House Tour

IN PICS | Period charm meets modern living in this revamped Cape cottage

By combining respect for the charms of a heritage building with a contemporary architectural approach, an award-winning renovation has brought this small home up to date

04 October 2020 - 00:03 By Robyn Alexander
The wood and steel dining table has a Formica top, and is a Douglas & Company design created for a previous interiors project. None of the dining chairs match: they include a mix of vintage pieces.
The wood and steel dining table has a Formica top, and is a Douglas & Company design created for a previous interiors project. None of the dining chairs match: they include a mix of vintage pieces.
Image: Warren Heath/Bureaux

Architecture is the thoughtful making of space, declared the legendary American architect Louis Kahn. In other words, it's not always so much the mere "look" of the exterior of a building that is important, but how it organises space - the manner in which a house separates domestic life from the rest of the world, for example. But perhaps even more vital are the ways in which the area enclosed inside the walls of that house is used by its occupants. In short, it's all about how the space makes them feel.

A case in point is this recently renovated home in Green Point, a densely developed suburb of Cape Town. The original building - a semi-detached cottage dating back to the late 1800s when it was built by one of the city's early commercial developers - had some heritage features and the sort of cottagey charm that attracts many buyers.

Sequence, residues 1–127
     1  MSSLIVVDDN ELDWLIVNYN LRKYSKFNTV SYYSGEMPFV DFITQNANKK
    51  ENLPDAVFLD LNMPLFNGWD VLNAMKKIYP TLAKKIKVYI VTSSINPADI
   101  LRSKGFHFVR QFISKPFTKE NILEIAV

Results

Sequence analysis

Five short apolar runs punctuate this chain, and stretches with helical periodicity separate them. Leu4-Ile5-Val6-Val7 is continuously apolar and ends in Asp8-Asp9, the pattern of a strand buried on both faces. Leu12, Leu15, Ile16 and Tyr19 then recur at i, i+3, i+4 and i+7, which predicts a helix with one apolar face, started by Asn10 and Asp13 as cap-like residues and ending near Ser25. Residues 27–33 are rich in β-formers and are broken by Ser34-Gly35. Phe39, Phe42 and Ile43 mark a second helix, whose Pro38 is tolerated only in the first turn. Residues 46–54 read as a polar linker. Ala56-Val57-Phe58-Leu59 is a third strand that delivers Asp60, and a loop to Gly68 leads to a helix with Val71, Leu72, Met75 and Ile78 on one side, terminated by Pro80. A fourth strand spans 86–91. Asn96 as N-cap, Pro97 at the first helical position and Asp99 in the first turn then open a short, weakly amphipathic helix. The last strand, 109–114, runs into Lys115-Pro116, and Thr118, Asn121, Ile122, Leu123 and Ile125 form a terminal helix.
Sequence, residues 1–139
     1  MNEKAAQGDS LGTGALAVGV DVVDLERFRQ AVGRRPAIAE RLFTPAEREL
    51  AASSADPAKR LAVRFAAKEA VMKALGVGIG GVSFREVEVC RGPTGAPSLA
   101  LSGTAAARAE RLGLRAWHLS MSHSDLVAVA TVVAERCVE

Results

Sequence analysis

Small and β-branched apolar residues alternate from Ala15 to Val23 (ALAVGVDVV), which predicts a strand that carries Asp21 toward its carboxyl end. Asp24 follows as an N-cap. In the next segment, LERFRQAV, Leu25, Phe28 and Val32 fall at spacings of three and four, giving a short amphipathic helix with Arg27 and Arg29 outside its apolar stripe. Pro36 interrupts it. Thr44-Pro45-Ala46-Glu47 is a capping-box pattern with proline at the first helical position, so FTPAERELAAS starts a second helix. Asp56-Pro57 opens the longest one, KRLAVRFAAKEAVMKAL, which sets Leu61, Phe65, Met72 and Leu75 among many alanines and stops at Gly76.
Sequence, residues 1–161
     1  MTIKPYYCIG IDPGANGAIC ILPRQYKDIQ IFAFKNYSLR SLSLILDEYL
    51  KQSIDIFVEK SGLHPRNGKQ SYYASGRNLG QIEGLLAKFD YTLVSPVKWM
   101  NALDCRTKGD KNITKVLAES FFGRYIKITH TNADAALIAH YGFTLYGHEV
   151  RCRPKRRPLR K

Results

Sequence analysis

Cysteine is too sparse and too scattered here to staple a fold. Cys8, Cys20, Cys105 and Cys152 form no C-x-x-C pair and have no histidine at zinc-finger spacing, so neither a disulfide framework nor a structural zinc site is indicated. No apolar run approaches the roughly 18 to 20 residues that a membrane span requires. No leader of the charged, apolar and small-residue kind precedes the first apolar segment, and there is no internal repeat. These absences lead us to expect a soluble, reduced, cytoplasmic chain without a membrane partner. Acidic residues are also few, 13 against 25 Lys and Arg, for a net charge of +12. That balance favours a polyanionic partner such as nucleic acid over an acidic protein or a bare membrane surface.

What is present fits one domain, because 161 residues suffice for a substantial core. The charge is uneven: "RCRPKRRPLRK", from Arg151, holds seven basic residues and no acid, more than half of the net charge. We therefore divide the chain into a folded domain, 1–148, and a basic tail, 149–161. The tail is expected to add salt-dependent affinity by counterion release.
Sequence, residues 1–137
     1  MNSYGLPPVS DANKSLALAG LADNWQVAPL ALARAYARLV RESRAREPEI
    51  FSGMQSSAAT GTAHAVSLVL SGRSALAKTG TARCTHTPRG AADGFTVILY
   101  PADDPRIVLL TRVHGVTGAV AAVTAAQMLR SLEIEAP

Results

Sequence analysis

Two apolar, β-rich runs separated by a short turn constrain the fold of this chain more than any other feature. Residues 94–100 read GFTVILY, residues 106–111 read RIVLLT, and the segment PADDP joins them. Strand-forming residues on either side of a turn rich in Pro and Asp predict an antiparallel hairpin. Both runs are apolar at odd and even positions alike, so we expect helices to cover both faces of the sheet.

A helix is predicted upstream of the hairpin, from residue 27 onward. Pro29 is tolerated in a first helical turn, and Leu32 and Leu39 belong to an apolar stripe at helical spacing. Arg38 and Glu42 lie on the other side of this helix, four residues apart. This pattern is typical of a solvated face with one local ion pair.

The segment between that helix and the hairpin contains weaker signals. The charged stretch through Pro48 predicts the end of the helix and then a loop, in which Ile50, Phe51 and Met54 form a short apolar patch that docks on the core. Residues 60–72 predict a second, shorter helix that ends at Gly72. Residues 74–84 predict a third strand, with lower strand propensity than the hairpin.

The new owners of this particular cottage, however, had some original ideas about how to better organise its space. Liani and Jan Douglas are both architects and Douglas & Company, their architecture and design studio, has in the past eight years produced bespoke furniture and collectable design pieces as well as worked on a number of architectural projects. Their work blends a rigorous design sensibility with touches of unique wit and careful attention to detail in terms of the materials they use.

When it came to renovating their own home, these combined strengths produced award-winning results. Arklow Villa III, as their house is named (it's on the right-hand end of a row of three cottages built in 1895) was the recipient of a Cape Institute for Architecture (CIFA) award in 2019. Douglas & Company's work on the building, said the judging panel, transformed "an insular single-storey Victorian-style row house into a new delight".

Invoking the idea of "delight" is a very good way of describing how the rethought spaces inside this modest building feel. Liani and Jan's carefully considered interventions began with lifting the angle of the back part of the original roof, creating a first floor that has dormer windows facing the street in the front, and a glazed rear elevation that allows natural light to filter through the entire house. And because this elevation is south facing, that light is not overpoweringly bright.